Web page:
The start of spring brings balmy afternoons, the thwack of baseball bats, and emerald lawns and flowers bursting into bloom. But it’s not all pretty. Throughout the United States, termites, carpenter ants and an army of other household pests are swarming around houses, foundations and woodpiles, preparing themselves for their annual munch fest. Now is the time for spring pest control.
This year pest experts estimate roughly 50 billion termites  are gearing up to attack homes; maybe yours. The unwanted pests cost homeowners approximately $2 billion per year.
Home Improvement expert Bob Vila knows all too well what termites can do. He and his wife purchased a 200 year-old Cape on Martha’s Vineyard. Termites had already eaten their way through most of the floorboards and the windowsill plates. Repairs are about 75 percent complete. “We’ve never spent a night in the house”, Vila said. “This summer, hopefully, we’ll get in”.
Unfortunately, by the time a homeowner realizes he or she has a pest problem; the damage has already been done.
“You hardly ever know, unless it’s in an advanced state”, said Villa.
Termites can be tough to spot, unless you happen to be around during a swarm, a part of the termite’s life cycle where they fly off and reproduce. When this happens, you’ll either spot the swarm itself or find the clear wings termite swarms leave behind, typically near windows or on sills.
Mud tunnels running along a homes foundation or on floor framing are another indicator that termites may have chosen your house for a meal. Termites construct these tunnels to keep themselves moist during the journey from nests deep in the ground around your house to the wood floor or wall framing they’ll often feed on.
Unfortunately, termites typically enter your home in areas that are difficult to spot, like inside dark crawlspaces or the basement. Getting a yearly professional inspection, which usually costs $50 to $100, is the best pest control preventive medicine to avoid termite and other wood destroying insects all year long.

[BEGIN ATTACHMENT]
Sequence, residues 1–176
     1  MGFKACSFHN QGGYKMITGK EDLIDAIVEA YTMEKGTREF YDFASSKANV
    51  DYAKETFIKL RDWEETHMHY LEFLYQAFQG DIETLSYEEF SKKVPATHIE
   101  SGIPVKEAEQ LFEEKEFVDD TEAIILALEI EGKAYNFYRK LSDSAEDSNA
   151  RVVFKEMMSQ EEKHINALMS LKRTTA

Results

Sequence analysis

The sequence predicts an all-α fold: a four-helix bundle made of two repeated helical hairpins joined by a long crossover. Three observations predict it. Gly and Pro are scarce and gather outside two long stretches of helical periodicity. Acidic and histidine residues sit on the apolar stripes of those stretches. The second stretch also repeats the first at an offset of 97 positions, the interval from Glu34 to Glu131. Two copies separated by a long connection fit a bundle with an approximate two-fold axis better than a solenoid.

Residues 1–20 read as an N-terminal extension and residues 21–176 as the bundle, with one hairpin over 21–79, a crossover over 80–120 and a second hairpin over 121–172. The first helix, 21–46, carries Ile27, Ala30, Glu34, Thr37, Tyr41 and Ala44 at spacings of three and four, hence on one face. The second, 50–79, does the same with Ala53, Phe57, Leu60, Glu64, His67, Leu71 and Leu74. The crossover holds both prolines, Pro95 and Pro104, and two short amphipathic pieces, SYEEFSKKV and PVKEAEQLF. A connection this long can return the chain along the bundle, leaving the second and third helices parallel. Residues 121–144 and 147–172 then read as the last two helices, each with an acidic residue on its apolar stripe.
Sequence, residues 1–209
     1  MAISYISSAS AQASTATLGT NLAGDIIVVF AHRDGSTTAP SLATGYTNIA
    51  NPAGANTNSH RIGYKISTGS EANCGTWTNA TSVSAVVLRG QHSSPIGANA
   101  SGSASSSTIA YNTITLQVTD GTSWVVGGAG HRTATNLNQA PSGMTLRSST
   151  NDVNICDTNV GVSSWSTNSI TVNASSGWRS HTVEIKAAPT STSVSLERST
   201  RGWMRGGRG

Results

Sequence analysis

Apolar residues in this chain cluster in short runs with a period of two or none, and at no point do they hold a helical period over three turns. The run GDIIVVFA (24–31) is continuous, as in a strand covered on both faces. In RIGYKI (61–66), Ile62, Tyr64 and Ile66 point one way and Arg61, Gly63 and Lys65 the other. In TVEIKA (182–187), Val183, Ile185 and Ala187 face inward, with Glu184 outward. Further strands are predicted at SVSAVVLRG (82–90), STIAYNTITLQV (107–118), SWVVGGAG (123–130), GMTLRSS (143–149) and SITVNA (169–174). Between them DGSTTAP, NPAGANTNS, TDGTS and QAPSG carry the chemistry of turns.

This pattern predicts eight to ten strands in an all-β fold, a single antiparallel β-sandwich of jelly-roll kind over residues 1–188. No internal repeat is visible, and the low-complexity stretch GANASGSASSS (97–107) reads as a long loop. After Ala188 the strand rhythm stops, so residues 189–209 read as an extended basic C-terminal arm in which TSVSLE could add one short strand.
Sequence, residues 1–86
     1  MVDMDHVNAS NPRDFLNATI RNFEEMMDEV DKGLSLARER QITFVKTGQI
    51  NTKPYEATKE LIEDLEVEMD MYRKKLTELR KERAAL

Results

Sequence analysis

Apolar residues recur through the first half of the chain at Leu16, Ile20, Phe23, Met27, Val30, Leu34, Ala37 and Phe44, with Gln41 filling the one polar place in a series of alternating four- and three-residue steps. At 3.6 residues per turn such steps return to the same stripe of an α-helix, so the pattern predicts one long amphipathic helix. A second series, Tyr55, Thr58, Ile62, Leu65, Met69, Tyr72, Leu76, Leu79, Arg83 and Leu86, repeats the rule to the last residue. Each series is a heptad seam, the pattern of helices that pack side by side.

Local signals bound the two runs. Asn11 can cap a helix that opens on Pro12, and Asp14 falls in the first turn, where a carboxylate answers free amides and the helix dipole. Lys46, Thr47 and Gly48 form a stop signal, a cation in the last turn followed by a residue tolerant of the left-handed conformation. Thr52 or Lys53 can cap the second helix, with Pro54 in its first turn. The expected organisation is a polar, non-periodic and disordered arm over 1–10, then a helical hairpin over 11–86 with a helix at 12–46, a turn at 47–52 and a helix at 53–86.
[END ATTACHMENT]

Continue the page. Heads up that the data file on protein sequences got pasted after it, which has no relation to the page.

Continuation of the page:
If termites are found, a new breed of undetectable pesticides like Termidor Termite Defense  is one way to deal with them.
Unlike the old repellent treatments or baits that take too long to work, undetectable termiticides are installed into the soil where termites live, creating an effective pest control. The insects unknowingly pass through Termidor and then take some of it back to the nest where it is passed to the rest of the colony, killing the entire infestation once and for all.
The spring pest problem isn’t limited to termites.
Though hard to imagine, carpenter ants can chomp their way through wood sections of a house even better than a termite. Ants are probably the number one pest in the United States.
Some sections of the country, particularly the southeastern United States, are harder hit than others with carpenter house infestations, simply because the weather is warmer much of the year. Carpenter ants love moisture and warmth, and are only as active as the environment is.
Before you reach for the can of Raid, make sure you know what you are dealing with. Take a sample of the pest to your local county agricultural agent, or call in a pest control expert for an opinion.
If pesticides are called for, companies these days are using integrated pest management, which basically translates into tailoring the pesticide to the pest, then using as small an amount of pesticides as possible to do the job.
By combining integrated pest control techniques, the exterminator could apply less pesticide, thereby minimizing exposure to the consumer and liability to the applicator.
Homeowners don’t have to sit idly by until their rafters and floorboards collapse. There are pest control steps and preventative measures that can be taken to keep the bugs at bay:
Most importantly, if termites or carpenter ants do infest your home - don't panic! These insects work very slowly. Take your time and find a qualified pest management pro to help you kill them once and for all.